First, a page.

Sabantui or Wedding of the Sowing Season
The most important celebration of my Tatar culture is Sabantui. “Sabantui” is translated as “Wedding of the Sowing Season.” There are many sport competitions such as marathons, races, etc.
In the midst of June the villages are crowded by guests. They come from urban centers to celebrate “Sabantui” with villagers. The Council of Elders is chosen from respected old village inhabitants. Decision of the Council of Elders is never disputed. They direct every step of the celebration. Many gifts are gathered for losers and winners at sport competitions (losers are more considered.) Gifts are distributed by Elders.
We, children, of the village were participants of Sabantui. In the early morning we were awakened by music and knocking at the gates of the theatrical passage. Decorated horses that were driven by Elders were stopped near our houses. The music of their bells was heard far in the distance. Our parents were “begged” for gifts by dancers, clowns, and singers of the procession.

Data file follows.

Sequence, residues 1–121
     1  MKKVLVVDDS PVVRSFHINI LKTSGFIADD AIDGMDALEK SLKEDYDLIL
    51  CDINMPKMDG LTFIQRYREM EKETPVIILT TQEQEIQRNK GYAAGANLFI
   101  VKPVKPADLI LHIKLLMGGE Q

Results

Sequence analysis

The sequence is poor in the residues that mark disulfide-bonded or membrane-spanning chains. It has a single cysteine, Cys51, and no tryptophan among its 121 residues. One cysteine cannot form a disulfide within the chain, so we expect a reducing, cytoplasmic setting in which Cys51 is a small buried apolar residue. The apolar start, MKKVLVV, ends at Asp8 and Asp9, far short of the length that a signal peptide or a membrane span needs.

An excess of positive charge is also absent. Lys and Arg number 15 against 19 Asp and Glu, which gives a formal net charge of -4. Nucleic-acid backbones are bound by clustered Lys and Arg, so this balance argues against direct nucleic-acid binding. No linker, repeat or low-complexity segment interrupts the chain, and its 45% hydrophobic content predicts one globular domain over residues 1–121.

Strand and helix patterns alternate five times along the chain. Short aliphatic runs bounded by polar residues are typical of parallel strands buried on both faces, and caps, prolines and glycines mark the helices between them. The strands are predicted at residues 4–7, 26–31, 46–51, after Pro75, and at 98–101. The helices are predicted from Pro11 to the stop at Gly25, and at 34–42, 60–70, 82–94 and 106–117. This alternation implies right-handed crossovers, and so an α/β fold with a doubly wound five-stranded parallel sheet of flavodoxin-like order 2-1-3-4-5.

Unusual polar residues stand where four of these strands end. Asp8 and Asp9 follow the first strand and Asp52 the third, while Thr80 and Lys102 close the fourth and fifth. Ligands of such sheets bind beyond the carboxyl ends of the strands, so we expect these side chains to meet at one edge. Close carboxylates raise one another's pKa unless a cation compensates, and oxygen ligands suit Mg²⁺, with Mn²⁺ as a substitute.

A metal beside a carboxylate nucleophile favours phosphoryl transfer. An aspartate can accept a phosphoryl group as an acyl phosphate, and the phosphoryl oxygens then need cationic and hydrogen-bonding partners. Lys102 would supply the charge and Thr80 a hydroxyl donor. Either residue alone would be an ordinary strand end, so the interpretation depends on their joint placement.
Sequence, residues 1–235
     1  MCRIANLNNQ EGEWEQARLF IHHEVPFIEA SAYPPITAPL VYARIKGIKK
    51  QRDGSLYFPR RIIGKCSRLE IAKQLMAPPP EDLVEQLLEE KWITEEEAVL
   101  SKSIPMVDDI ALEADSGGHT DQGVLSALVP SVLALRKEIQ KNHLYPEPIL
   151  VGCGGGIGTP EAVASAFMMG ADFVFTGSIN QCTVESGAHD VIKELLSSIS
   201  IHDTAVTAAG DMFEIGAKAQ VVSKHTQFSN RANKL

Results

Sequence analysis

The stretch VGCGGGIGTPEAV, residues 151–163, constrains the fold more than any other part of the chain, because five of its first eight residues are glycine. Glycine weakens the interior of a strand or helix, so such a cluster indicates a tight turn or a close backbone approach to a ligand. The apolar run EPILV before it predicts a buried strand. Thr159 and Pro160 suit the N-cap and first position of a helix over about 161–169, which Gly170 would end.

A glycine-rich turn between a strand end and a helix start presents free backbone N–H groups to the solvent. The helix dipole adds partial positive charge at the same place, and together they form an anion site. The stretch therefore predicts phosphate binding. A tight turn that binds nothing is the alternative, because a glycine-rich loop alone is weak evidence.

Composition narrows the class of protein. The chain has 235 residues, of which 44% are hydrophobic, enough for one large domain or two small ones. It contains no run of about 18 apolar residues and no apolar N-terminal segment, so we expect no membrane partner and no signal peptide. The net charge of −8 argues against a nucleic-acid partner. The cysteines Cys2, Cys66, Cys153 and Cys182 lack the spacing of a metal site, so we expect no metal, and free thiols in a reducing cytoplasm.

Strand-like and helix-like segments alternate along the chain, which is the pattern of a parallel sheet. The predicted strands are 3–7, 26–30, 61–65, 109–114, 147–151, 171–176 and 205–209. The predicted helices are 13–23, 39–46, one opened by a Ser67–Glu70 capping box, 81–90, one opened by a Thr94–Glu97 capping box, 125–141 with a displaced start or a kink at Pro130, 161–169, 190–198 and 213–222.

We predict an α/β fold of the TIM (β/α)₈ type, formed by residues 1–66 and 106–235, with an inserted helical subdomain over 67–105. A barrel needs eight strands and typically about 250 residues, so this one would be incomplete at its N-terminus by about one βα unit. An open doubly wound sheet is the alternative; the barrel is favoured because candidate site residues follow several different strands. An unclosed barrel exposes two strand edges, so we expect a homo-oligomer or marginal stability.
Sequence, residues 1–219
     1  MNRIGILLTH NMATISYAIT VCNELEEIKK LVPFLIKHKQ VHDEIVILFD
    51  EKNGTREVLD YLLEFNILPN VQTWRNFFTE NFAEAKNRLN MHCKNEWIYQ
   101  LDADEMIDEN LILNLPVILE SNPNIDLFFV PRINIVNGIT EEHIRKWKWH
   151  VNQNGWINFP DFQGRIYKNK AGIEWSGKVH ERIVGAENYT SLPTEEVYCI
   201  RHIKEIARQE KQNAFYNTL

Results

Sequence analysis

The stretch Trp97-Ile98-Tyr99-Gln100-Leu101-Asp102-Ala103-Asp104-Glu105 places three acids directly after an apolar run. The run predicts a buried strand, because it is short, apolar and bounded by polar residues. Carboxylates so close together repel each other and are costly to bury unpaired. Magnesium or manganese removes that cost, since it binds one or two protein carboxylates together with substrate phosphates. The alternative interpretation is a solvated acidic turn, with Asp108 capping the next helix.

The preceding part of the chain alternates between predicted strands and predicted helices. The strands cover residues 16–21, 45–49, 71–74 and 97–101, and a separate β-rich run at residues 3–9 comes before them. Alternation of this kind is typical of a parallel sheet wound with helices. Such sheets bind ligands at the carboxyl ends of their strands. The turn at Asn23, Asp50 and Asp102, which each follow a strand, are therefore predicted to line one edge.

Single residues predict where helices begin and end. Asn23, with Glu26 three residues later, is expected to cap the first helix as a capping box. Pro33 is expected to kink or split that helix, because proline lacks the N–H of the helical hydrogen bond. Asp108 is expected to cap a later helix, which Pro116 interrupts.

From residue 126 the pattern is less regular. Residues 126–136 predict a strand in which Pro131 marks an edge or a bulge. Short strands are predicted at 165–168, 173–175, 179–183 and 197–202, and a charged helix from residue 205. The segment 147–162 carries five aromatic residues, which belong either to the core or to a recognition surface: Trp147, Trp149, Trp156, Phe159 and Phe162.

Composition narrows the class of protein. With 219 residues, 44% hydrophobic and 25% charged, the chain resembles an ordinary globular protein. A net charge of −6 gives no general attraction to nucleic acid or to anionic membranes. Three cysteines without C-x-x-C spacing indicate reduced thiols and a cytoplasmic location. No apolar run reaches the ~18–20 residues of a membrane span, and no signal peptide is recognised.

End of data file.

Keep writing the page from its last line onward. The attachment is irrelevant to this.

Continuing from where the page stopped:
A start of the Sabantui usually was appointed at noon. A place for the celebration, a flowered valley that was encircled by Ural hills and mountain springs was chosen by Elders and children. Approximately at 12:00 pm the valley was covered by sitting public on the ground. A center column with colored wood cockerel on the top was hung round with decorated flags. For me the most exiting competition was a horse race. “A riding horses will grow old – the expanses of the steppes never, a boy will grow old – the Time never,” is said in Tatar proverb. A public uproar was interrupted by young shouters: “The racers are coming!” The air was broken by the cheering, the land was drummed by of hundreds hooves of riding horses with jockeys on.
During my life many games have been played, a lot of songs have been sung, a lot of dances have been danced on Sabantui. But I have been being influenced by the vision of the flying horses upon flowered fields since I was a child.